ST. PAUL, Minn. -- The New York Islanders rallied from a 3-0 second-period deficit to beat the Minnesota Wild 5-4 at Xcel Energy Center on Sunday night, extending the Wild losing streak to five games in disheartening fashion.
New York, which has won three of five games, scored twice in the second period and three times in the third to complete the comeback, its first from a 3-0 deficit in nearly 20 years.
St. Paul native Kyle Okposo scored twice in the third, including the game-winner at 14:12.
"It was a good one to leave the hometown fans with," Okposo said. "I heard about five or six cheers in the audience when I scored, but it's nice to come home and get a win like that."
Once one of the NHL's best teams, Minnesota is quickly falling out of the Stanley Cup Playoff race in the Western Conference. The Wild may have hit rock bottom Sunday night in blowing the 3-0 lead.
"It was there for us. That's the disturbing part. It's hard to find the words for this because this is beyond disturbing right now," Wild coach Mike Yeo said. "We have to find a way to win that game. You're up 3-0 and you're at home. There's no excuses. We just have to get it done. It's as simple as that. Don't ask me for the words because I've been thinking about it since the game ended and I can't find a word to describe the feeling right now."
Yeo wasn't alone.
Minnesota's dressing room didn't have many answers for their stunning collapse. Playing at home for the first time in nearly two weeks, the Wild were primed to snap their losing skid against an Islanders team playing the second half of back-to-back games. They entered the game 14-3-2 at Xcel Energy Center this season.
"Of course it's tough. We're up 3-0 at home, and … I really don't know," said Wild captain Mikko Koivu. "There's no explanation. That just can't happen."
The Islanders began their comeback on a goal by captain John Tavares, who missed New York's game Saturday against the New Jersey Devils with a lower-body injury. Thomas Vanek wheeled around the Wild net and flipped the puck in front. It deflected off Wild defenders into the top of the crease, where Tavares tapped it in for his 14th of the season.
"We had probably 12 Grade A chances against New Jersey and only got a goal, so it's important when you have your captain back, not only for his play but for the room as well," Islanders coach Jack Capuano said. "There's a difference in our hockey team when he's in the lineup."
Minnesota killed off a holding penalty against Mikael Granlund at 15:49, but could not clear the puck. After several blocked shots and failed clearing attempts, the puck came free at the point to Islanders defenseman Thomas Hickey, who wristed a shot toward the net that was deflected by former Wild forward Cal Clutterbuck and past Wild goalie Josh Harding.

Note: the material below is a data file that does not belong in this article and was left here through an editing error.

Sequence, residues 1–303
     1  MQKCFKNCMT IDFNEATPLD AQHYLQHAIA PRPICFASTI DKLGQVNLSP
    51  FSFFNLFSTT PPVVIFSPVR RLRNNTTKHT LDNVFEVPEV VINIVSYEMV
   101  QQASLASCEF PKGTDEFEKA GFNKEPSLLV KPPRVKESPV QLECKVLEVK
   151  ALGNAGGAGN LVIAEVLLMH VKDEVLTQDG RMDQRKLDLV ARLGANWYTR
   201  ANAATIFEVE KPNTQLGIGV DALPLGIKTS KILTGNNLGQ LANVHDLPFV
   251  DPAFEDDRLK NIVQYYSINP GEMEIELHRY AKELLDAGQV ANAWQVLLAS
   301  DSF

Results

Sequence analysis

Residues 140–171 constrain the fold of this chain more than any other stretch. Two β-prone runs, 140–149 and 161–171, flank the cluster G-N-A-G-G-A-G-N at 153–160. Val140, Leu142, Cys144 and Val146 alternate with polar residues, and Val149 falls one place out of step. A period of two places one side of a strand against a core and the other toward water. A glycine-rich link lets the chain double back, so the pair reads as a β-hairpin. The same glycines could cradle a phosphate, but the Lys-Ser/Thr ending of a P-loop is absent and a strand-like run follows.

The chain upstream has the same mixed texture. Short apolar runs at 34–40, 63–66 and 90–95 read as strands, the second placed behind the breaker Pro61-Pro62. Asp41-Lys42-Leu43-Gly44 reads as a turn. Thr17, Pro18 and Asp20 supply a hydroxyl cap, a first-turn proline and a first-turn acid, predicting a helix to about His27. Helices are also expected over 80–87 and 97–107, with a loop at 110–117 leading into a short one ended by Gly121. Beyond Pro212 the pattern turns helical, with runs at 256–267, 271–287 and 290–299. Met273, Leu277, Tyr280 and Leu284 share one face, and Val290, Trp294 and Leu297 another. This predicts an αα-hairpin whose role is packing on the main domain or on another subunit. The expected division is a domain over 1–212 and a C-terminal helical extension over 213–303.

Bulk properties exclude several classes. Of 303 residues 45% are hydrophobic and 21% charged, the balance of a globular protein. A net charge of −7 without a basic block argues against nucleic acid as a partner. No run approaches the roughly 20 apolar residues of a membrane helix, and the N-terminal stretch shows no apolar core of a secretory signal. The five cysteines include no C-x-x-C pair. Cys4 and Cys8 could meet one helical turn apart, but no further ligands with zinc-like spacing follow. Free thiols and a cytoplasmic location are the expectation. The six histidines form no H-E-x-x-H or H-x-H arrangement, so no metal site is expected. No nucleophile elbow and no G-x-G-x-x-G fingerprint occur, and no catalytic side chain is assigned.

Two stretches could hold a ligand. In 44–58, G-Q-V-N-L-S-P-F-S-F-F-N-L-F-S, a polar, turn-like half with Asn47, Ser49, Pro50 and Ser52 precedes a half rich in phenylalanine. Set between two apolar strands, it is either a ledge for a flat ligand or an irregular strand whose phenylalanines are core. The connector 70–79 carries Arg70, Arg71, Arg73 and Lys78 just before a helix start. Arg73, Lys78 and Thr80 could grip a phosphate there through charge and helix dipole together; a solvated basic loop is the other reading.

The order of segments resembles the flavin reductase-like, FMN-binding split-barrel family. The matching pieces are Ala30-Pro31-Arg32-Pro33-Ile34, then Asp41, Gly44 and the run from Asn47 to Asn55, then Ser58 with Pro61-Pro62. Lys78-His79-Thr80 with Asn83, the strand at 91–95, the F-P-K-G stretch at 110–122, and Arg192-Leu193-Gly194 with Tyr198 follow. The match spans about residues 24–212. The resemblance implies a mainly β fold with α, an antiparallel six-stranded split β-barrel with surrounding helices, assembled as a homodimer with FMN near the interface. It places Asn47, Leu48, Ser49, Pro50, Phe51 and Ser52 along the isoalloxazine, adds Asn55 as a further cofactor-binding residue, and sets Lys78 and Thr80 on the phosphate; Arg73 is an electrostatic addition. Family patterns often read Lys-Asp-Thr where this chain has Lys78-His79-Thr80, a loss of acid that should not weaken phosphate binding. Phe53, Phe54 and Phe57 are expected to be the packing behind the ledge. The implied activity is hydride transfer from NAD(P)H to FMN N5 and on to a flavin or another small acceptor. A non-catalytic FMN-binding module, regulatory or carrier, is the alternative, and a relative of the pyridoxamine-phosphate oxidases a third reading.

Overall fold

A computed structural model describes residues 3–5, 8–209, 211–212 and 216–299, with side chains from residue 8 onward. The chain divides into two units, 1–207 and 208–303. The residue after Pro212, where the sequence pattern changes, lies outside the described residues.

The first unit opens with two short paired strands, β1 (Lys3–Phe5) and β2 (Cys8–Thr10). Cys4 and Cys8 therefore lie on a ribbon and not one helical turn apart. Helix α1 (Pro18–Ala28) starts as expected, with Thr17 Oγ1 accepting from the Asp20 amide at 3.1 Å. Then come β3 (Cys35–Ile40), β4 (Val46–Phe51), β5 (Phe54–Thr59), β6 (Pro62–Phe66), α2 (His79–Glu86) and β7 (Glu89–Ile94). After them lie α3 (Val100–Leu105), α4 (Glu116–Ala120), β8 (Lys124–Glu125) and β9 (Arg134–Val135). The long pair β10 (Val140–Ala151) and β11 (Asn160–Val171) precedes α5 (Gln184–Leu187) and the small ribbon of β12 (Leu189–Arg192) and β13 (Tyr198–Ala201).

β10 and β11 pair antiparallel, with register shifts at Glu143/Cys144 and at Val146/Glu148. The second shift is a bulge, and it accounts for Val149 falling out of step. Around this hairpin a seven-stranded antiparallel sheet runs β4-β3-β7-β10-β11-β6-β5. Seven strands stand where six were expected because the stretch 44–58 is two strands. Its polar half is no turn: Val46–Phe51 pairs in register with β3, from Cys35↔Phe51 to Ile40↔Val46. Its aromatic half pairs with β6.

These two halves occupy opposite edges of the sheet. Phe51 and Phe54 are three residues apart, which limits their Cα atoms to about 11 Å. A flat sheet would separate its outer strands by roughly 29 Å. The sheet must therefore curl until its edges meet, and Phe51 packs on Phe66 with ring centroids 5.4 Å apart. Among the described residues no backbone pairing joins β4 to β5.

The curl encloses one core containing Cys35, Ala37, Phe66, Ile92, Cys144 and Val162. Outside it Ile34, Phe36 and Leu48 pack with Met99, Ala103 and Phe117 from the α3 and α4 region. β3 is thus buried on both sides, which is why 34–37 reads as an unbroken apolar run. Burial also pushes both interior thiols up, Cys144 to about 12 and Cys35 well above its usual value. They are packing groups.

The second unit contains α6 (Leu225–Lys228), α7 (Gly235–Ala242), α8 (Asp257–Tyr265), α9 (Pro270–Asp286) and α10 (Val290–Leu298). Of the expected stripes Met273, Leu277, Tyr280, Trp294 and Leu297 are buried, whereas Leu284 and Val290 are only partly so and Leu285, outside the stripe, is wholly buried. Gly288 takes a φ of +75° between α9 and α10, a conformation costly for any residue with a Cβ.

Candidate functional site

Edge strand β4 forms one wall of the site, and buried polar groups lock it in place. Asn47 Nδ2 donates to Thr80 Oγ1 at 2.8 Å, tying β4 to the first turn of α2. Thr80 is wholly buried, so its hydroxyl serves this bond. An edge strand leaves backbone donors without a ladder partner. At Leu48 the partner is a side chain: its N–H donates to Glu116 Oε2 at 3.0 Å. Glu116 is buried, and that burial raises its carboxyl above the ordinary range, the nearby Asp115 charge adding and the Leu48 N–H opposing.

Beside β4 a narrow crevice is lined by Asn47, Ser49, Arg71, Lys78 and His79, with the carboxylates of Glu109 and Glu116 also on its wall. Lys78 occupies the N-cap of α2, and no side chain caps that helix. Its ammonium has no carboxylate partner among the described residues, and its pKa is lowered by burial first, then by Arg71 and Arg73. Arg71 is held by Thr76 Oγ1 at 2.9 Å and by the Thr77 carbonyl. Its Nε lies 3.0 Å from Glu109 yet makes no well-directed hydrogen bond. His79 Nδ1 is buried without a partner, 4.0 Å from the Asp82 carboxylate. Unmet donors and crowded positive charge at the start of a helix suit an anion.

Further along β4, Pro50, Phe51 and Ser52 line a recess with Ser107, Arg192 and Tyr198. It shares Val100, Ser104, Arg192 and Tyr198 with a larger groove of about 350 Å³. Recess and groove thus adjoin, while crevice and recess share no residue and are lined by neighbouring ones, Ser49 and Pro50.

Most agreed Clutterbuck's goal, his fifth, was the turning point.
"When we made it 3-2 there, having the shift that those guys had, we knew that we could go after them and continue to go after them in the third," Okposo said. "We came out and I thought we did a good job dictating the play."
"They scored the second goal, and we stopped playing," Yeo said. "Believe me, it's our job to find explanations, but holy cow, that's a tough one to find an explanation for."
Hickey tied the game at 3-3 on a pretty redirection in the slot at 6:30 of the third. Okposo, who played at the University of Minnesota, gave New York its first lead almost six minutes later, ripping a slap shot over Harding's glove for his 13th of the season.
"At the end of the second period, we had some really good zone time, and you could just feel it in the building that the tide was turning and we were coming and we were going to get a good chance to win it," Hickey said.
Minnesota tied the game at 4-4 at 13:45 when Justin Fontaine hammered away at a rebound in the crease, but Okposo scored the game-winner 26 seconds after that, unleashing a wrist shot from the top of the crease on a rebound chance of his own.
Minnesota got a goal from Ryan Suter, his first of the year, 3:22 into the game to grab an early 1-0 lead.
Jonas Brodin's seventh goal of the year 39 seconds into the second period came a little more than two minutes before Nino Niederreiter, acquired in the offseason in the trade that sent Clutterbuck to the Islanders, made it 3-0 on a wrist shot from the slot. Niederreiter also had an assist on Brodin's goal.
Brodin's seven goals are tied for fifth most among NHL defensemen.
"The first and third goal, we just mismanaged the puck," Capuano said. "We turned it over and gave them point-blank chances right in front of [goalie Kevin Poulin]. That was what happened early on, but we stayed with it. We changed a few things, we adjusted to a few things. I thought our guys executed what we were trying to do and the will and the work ethic was there in the third. Obviously, in the first, we just stood around watching too much."
Koivu's assist on Brodin's goal was the 300th of his career. He's the first player in Wild franchise history to reach the 300-assist mark.
The game was a rare clunker at home for Harding, who entered the night with the NHL's best goals-against average (1.51). He was also 17-2-0 in his past 19 home starts. He was making his first start since Dec. 17 after missing four games while adjusting his medication for multiple sclerosis.
"I'm not concerned," Yeo said of Harding. "It's one game and he's been great for us all year. ... I'm sure he'll bounce back."
Poulin made 33 saves to improve to 5-12-0 this season. The victory was his first since a 46-save performance in a 3-2 shootout win at the San Jose Sharks on Dec. 10 and only his second in his past nine starts.
The win was the Islanders' first when trailing 3-0 since March 22, 1994, against the Tampa Bay Lightning.
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